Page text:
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The noble Lord said: My Lords, I am pleased to be able to bring forward this amendment which responds directly to a point raised by the noble Baroness, Lady Anelay, in Grand Committee.

Clause 158 is concerned with search and seizure warrants and subsection (2) is concerned with what an application for such a warrant needs to contain. It provides that such an application for a search and seizure warrant must state the premises that it is proposed should be searched and the material that it is hoped to find. I think that it was already implicit that the material in question had to be located on the premises in question. Any other interpretation would have been perverse in the extreme. Nevertheless, the noble Baroness asked us to make it absolutely explicit on the face of the Bill and we are happy to accommodate that sensible suggestion.

Accordingly, this amendment provides that any application for a search and seizure warrant has to state that the material in question is believed to be located at the premises in question. I trust that the noble Baroness will welcome it. I am sure that your Lordships will welcome it generally. I beg to move.

Baroness Anelay of St Johns: My Lords, indeed I do welcome this, as the noble Lord has said. It is important that it is explicit in the Bill that, before a search is carried out, there is at least some kind of belief that the items searched for might be on the premises. It is a common or garden matter that, before signing a search warrant in an ordinary case, magistrates ask whether the police believe that the items are on the premises. It is a matter of good practice that the Government have agreed to make the matter explicit in the Bill. I am pleased to see that.

On Question, amendment agreed to.

Clause 161 [Computer information]:

Baroness Anelay of St Johns moved Amendment No. 284:

    Page 87, line 9, after "visible" insert "comprehensible"

The noble Baroness said: My Lords, in moving this amendment I shall speak also to Amendment No. 285. These amendments return to what might be considered a rather arcane point which I raised in our debate in Grand Committee on the matter of computer information. While we were probing the details of that clause, I asked questions about the definition of "visible" and "legible" with regard to the production of information on a computer for a constable to take away. At the time I was really just trying to establish whether information would have to be printed out or whether a CD-ROM, floppy disk or whatever would be considered sufficient. The Minister's answer to that question spurred me on to table this amendment. The noble Lord, Lord Filkin, who was then answering on these matters, said that the information would be either,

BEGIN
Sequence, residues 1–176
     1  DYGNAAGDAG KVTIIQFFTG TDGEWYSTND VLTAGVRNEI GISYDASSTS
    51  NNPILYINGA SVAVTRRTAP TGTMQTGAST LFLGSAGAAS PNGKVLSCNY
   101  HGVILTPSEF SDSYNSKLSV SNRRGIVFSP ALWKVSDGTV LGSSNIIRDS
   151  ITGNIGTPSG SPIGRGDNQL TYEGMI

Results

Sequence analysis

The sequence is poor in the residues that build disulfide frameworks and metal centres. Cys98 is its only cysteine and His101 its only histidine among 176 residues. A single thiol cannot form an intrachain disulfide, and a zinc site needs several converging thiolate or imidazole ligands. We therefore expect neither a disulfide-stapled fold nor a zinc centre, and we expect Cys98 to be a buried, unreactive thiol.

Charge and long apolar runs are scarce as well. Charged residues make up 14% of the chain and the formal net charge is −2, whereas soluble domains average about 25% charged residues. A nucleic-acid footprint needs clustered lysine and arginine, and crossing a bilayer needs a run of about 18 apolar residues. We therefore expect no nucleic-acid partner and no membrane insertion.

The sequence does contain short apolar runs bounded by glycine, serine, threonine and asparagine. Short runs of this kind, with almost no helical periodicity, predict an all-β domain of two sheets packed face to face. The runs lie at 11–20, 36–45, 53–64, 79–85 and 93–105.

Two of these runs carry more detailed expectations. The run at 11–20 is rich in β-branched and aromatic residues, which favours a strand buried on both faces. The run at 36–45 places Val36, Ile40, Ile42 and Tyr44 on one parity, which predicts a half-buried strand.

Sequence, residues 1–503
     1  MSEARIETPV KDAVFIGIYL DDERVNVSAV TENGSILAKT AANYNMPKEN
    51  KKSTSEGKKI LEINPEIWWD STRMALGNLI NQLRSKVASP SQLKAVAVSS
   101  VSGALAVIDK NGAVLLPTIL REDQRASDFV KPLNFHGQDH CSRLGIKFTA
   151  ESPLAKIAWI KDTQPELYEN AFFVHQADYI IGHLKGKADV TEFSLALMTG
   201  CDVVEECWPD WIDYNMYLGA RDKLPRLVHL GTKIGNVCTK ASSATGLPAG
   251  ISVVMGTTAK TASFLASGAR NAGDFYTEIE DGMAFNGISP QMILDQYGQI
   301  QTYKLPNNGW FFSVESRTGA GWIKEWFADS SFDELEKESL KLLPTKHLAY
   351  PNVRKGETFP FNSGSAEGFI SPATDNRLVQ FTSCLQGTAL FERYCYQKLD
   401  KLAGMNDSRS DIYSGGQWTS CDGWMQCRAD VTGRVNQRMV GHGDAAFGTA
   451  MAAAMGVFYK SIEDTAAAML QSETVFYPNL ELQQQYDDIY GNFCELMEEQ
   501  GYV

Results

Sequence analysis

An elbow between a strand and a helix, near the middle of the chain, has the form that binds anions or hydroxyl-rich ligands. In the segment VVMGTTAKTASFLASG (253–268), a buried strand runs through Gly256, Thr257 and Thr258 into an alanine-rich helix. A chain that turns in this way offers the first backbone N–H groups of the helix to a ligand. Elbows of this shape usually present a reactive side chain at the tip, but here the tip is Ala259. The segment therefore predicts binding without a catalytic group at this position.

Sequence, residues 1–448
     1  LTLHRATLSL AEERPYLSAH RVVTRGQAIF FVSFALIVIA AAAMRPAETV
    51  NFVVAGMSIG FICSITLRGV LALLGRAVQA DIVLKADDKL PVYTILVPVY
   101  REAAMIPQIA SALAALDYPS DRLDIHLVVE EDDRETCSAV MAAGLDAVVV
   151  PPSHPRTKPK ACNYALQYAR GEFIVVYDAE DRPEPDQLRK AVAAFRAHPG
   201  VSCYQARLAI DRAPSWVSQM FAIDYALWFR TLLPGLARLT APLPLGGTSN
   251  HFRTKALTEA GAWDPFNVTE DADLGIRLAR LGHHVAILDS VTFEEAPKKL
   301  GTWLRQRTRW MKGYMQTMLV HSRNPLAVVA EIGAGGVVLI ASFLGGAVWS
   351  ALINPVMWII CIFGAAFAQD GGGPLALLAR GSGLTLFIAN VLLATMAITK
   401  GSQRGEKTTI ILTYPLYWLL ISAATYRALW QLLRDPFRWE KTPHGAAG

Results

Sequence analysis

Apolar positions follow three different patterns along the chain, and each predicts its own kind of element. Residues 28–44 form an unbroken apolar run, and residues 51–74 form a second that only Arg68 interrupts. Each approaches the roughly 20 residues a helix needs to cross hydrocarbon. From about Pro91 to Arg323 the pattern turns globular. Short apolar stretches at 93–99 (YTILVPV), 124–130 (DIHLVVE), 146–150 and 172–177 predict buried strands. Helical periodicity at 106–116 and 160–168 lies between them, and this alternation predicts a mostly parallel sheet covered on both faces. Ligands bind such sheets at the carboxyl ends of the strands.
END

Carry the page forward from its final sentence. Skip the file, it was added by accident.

"printed out in comprehensible form for the constable to take away or it could be provided on a CD-ROM disk which could be taken away for analysis, and so forth".—[Official Report, 10/7/03; col. GC 152.]

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As I remarked at the time, it was the use of the word "comprehensible" that I found intriguing. I appreciate that that may just have been a natural, human, honest response, as we always expect from the noble Lord, Lord Filkin. However, I thought that it was also an important matter. These are complex issues. Just what format will the information be in? "Comprehensible"—is that the case? If so, "comprehensible" to whom? I have tabled these amendments essentially to give the Government an opportunity to elaborate on what may have been just a slip of the tongue of the noble Lord, Lord Filkin, on that occasion. I beg to move.

Lord Clinton-Davis: My Lords, I rise rather reluctantly because I am always rather reluctant as far as the noble Baroness is concerned. However, I do not think that the word "comprehensible" should be included in the statute. The words "visible" and "legible" are perfectly readily understood. However, the word "comprehensible" could mean everything and anything to the person concerned. I think that it is completely different from the words "visible" and "legible" which have been quoted. For the most part, people will be advised by a competent person. I think that the word "comprehensible" does not add greatly to what is already said. As I have already intimated, I think that we should be very wary of introducing words into the statute that may have a variable meaning. Although the word "comprehensible" is understood by Members here, I do not think that it should be included in the Bill. However, advisers will readily understand what is being produced. I think that that is all that matters.